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  • Purva Grover

Ma'am, did I perform well?

My school-going years was guided by a philosophy that if my teacher didn’t know the answer to a certain question then nobody else possibly did or could. Mum-dad could be wrong, but not Ma'am or Sir. Likewise, the teachers' approval, be it a nod of recognition or a pat on the back, mattered the most; more than marks, certificates, and trophies. All of us go through the phase — the 'my teacher is the best' phase. Now one would assume growing up would bring a change, perhaps not. Yes, while the relationship we share with our lecturers in college and professors in university does undergo a change, but the urge to be in their good books doesn't go away. We never get tired of impressing them, and why not! Until date, I wait for a ‘Very Good’, if not a star, from my teachers.

A couple of months ago, an ex-professor (my favourite!) checked with me if I’d like to speak on digital journalism to the graduating batch (Mass Communication) of Panjab University, Chandigarh. It’s the place where I learnt how to write headlines, love fonts. The session was done via Skype. Whilst it made me realise how years go by and students sit at the same desks and nurture similar dreams, it also made me see my teachers in a different light; I learnt how teachers don’t tire of teaching, of encouraging, of instilling education, of instilling faith. I did well — I think so. The children asked the right questions, seemed impressed with my answers as well. But, for me, it was the smile at the end of the session by Ma’am that mattered the most. It was her pride in my work, my session that was my takeaway from the experience. And just like that, I was the university girl once again – looking forward to my teacher telling me I fared well.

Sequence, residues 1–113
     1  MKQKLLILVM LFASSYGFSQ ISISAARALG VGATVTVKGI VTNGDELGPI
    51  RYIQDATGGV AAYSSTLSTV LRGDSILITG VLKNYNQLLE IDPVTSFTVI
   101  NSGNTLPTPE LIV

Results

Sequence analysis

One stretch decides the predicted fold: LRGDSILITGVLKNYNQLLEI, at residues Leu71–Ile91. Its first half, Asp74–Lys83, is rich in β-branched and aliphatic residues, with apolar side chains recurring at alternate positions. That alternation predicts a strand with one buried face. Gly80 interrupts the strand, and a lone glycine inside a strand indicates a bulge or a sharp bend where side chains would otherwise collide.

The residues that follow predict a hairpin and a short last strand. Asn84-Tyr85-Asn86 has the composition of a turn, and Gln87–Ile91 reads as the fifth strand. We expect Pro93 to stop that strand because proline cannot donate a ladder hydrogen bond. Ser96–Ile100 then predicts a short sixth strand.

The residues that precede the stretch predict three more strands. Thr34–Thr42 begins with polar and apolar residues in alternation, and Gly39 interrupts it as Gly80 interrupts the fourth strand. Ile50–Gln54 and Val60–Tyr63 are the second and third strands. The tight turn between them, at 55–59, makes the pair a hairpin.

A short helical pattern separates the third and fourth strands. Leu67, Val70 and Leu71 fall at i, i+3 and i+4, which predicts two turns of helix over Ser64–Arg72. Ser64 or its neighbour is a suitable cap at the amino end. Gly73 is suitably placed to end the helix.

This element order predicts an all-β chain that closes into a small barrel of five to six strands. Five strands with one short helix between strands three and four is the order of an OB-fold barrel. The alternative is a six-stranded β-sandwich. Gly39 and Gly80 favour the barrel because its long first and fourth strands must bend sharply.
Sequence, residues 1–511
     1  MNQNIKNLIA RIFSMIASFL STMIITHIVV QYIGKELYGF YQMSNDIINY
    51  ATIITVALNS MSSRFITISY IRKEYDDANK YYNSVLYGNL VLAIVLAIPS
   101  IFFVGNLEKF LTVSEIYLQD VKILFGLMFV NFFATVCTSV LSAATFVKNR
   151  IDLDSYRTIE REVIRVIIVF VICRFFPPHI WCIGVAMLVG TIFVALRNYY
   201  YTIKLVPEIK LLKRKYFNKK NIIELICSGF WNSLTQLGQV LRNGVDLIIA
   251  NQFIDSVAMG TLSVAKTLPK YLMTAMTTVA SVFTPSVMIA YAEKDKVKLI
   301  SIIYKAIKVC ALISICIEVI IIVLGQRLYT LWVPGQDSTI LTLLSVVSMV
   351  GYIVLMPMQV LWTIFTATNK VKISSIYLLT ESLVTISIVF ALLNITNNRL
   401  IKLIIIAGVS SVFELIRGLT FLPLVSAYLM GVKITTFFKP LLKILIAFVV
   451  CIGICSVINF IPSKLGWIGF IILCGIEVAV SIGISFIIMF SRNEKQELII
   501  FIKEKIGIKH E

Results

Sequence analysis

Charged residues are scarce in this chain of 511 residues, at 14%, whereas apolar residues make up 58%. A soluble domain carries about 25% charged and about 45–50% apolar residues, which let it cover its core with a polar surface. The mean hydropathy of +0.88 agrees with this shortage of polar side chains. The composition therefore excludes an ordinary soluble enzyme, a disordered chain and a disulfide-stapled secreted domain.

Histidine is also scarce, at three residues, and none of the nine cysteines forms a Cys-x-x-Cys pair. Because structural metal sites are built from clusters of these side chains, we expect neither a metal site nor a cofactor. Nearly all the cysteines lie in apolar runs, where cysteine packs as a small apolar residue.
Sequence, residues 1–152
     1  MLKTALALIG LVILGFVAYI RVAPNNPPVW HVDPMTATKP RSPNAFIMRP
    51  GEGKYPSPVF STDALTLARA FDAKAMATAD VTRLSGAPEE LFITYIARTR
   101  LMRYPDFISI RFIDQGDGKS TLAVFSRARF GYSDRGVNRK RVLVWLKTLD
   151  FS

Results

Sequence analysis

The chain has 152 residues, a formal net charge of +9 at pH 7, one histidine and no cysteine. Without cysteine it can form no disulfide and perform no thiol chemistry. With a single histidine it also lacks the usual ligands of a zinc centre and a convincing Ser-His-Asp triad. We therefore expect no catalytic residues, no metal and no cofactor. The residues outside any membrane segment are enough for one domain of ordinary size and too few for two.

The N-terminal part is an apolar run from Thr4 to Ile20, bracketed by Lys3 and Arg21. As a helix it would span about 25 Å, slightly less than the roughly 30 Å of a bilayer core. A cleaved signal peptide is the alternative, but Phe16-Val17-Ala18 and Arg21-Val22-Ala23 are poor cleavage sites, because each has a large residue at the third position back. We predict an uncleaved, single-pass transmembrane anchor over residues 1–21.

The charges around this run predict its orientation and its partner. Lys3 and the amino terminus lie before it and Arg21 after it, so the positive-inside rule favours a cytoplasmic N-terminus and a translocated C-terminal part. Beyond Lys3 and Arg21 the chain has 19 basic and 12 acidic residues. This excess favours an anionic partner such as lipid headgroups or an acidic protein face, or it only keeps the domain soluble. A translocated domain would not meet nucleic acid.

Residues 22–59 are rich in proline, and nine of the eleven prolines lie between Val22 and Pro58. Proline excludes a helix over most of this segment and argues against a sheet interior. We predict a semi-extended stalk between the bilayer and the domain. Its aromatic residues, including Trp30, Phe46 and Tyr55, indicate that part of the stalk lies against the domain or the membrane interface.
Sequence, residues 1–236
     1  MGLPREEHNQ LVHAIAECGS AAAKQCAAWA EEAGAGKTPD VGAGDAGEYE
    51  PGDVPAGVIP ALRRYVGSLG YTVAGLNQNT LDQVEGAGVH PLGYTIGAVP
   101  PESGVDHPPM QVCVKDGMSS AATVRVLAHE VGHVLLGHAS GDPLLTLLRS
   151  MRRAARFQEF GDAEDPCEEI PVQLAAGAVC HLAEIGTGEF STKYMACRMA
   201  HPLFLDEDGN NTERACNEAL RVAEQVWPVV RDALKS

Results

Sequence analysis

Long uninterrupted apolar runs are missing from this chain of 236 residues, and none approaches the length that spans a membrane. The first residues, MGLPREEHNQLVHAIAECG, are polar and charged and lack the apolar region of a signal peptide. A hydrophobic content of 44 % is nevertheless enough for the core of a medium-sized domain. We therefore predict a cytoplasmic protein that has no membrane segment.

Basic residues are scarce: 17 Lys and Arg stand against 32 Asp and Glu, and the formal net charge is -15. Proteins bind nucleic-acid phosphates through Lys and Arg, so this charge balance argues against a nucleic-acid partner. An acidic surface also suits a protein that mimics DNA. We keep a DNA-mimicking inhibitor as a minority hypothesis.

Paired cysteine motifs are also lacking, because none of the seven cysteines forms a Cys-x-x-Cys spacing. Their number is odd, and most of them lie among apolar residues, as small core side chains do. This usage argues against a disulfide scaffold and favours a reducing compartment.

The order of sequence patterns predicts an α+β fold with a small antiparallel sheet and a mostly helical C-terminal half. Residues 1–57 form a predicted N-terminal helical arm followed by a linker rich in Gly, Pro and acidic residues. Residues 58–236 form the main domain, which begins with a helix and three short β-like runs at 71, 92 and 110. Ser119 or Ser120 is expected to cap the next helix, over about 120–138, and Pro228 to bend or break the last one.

What’s it about the praise that comes from a teacher? I am yet to come up with an answer. But, these words from Stephen Hawking come close to it — When each of us thinks about what we can do in life, chances are, we can do it because of a teacher.

Yes, we’re all growing old and perhaps our teachers aren’t around anymore either. Of course, we’ve learnt how to ridicule adults, teachers in specific — who needs them, when we have Google and YouTube? In this era, does a nod from a teacher hold any value? I will leave you with an incident, which may help you decide. A 40-year-old friend is learning how to play the guitar. These days he is working on a special self-assigned task — to learn and master a special song that he’d play for his Sir on Teacher’s Day in September. Why did I ask? “He’d be so happy when I’d raise my hand and say I want to play for him and the class!” It’s nice not to grow up, right?


This piece was first published in Khaleej Times.


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